Applied Cognitive Psychology

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Volume 33 Issue 2 (March 2019), Pages 149-322

Forensic voice discrimination by lay listeners: The effect of speech type and background noise on performance (pages 272-287)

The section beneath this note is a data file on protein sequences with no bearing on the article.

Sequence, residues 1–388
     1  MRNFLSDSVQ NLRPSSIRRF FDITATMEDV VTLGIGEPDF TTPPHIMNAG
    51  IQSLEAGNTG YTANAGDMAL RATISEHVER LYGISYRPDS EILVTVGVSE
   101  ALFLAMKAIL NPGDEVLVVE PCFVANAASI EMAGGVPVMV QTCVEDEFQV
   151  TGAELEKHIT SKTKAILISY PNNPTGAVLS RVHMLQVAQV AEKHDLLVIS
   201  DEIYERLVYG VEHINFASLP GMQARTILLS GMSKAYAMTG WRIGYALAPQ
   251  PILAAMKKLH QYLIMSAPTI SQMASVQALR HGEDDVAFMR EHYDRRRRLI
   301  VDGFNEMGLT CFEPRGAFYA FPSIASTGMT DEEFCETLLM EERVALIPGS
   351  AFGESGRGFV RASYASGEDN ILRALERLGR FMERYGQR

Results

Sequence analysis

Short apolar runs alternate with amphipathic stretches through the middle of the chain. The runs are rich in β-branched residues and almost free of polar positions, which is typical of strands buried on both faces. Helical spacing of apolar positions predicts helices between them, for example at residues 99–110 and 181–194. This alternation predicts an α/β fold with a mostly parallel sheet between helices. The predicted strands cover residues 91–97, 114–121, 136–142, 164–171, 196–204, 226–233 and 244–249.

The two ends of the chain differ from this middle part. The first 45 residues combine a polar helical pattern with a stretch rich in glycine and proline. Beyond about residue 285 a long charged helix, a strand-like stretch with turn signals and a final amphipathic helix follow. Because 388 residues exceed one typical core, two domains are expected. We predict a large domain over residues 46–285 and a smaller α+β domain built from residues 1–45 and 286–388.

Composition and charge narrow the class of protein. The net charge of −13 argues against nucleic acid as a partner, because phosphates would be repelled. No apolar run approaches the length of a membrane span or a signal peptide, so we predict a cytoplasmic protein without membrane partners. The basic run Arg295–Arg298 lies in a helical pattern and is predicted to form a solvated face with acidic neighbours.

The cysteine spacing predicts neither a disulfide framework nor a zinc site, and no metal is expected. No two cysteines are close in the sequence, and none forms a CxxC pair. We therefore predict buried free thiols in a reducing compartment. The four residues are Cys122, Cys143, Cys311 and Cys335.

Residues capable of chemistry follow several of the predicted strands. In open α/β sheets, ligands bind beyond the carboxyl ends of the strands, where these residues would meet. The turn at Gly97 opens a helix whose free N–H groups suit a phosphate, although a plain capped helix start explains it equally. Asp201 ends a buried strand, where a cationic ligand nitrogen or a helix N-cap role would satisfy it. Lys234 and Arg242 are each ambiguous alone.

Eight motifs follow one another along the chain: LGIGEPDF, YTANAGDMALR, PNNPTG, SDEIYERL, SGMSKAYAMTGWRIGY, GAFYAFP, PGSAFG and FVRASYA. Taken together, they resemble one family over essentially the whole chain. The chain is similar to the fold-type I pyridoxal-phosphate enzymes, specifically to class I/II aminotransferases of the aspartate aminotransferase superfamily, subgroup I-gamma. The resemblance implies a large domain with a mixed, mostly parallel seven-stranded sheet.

Summary In forensic settings, lay (nonexpert) listeners may be required to compare voice samples for identity. In two experiments we investigated the effect of background noise and variations in speaking style on performance. In each trial, participants heard two recordings, responded whether the voices belonged to the same person, and provided a confidence rating. In Experiment 1, the first recording featured read speech and the second featured read or spontaneous speech. Both recordings were presented in quiet, or with background noise. Accuracy was highest when recordings featured the same speaking style. In Experiment 2, background noise either occurred in the first or second recording. Accuracy was higher when it occurred in the second. The overall results reveal that both speaking style and background noise can disrupt accuracy. Although there is a relationship between confidence and accuracy in all conditions, it is variable. The forensic implications of these findings are discussed.

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